Glitter and Doom: German Portraits from the 1920s

Glitter and Doom German Portraits from the s In the s Germany was in the grip of social and political turmoil its citizens were disillusioned by defeat in World War I the failure of revolution the disintegration of their social system and

  • Title: Glitter and Doom: German Portraits from the 1920s
  • Author: Sabine Rewald Ian Buruma Matthias Eberle
  • ISBN: 9780300117882
  • Page: 284
  • Format: Hardcover
  • In the 1920s Germany was in the grip of social and political turmoil its citizens were disillusioned by defeat in World War I, the failure of revolution, the disintegration of their social system, and inflation of rampant proportions Curiously, as this important book shows, these years of upheaval were also a time of creative ferment and innovative accomplishment in liteIn the 1920s Germany was in the grip of social and political turmoil its citizens were disillusioned by defeat in World War I, the failure of revolution, the disintegration of their social system, and inflation of rampant proportions Curiously, as this important book shows, these years of upheaval were also a time of creative ferment and innovative accomplishment in literature, theater, film, and art.Glitter and Doom is the first publication to focus exclusively on portraits dating from the short lived Weimar Republic It features forty paintings and sixty drawings by key artists, including Otto Dix, Max Beckmann, and George Grosz Their works epitomize Neue Sachlichkeit New Objectivity , in particular the branch of that new form of realism called Verism, which took as its subject contemporary phenomena such as war, social problems, and moral decay Subjects of their incisive portraits are the artists own contemporaries actors, poets, prostitutes, and profiteers, as well as doctors, lawyers, businessmen, and other respectable citizens The accompanying texts reveal how these portraits hold up a mirror to the glittering, vital, doomed society that was obliterated when Hitler came to power.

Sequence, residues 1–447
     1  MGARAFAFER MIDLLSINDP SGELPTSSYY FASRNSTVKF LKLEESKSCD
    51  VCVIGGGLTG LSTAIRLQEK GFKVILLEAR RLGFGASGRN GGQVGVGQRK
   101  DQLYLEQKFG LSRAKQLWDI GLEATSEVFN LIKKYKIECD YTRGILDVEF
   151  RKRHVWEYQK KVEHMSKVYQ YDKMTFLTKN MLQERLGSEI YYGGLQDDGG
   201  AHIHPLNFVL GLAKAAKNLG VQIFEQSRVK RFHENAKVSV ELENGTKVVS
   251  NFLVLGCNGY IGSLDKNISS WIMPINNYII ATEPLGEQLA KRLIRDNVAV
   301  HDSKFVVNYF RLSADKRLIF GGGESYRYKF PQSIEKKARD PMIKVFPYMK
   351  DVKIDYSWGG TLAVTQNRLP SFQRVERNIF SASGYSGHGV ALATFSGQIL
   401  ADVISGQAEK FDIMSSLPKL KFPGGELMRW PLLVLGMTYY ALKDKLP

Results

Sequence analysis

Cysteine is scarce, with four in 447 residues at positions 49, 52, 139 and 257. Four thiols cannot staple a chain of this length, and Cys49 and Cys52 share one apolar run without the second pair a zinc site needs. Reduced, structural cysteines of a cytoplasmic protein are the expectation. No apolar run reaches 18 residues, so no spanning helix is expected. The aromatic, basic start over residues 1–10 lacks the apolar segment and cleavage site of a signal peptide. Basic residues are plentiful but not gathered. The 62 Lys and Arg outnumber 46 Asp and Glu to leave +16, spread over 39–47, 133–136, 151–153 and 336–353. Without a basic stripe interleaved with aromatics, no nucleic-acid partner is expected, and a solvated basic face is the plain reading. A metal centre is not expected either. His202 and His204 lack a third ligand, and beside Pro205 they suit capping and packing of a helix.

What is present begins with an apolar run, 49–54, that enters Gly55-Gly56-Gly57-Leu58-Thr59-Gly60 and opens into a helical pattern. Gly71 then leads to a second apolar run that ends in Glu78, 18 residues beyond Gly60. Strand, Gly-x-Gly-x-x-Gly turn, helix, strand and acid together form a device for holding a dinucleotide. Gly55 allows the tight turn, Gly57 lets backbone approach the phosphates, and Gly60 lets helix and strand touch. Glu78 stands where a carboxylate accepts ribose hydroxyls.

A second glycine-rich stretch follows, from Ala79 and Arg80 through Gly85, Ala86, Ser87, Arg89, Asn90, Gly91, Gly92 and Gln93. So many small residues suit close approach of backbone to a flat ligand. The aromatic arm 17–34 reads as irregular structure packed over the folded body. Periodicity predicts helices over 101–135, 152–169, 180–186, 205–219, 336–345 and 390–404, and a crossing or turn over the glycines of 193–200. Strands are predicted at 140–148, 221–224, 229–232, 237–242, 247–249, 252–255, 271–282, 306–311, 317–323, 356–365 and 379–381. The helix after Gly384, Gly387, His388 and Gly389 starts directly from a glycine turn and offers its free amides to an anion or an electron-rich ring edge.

One thought on “Glitter and Doom: German Portraits from the 1920s”

    1. There's some really fabulous art in here that I've never had the privilege to see, and all the reproducations are in color (nice color, which just makes me think of how amazing they would be in person). Take my advice and skip the introduction, where the curator makes some specious arguments about why the collected works are thematically important (for example: that landscapes cannot convey disgust). I tried to read through all the descriptions, but they were lacking in what I really wanted to r [...]

    2. Also reading through this one while I'm at work. Mostly I picked it up cause the book store doesn't have any Christian Schad (amazing artist of my favorites, did the painting on the front of the book) monographs, but some of his work is in this book. So I'm sort of reading selective parts, skipping the Otto Dix parts.

    3. Many of these portraits are disturbing but many are also beautifully painted. Wonderful illustrations and insightful text.

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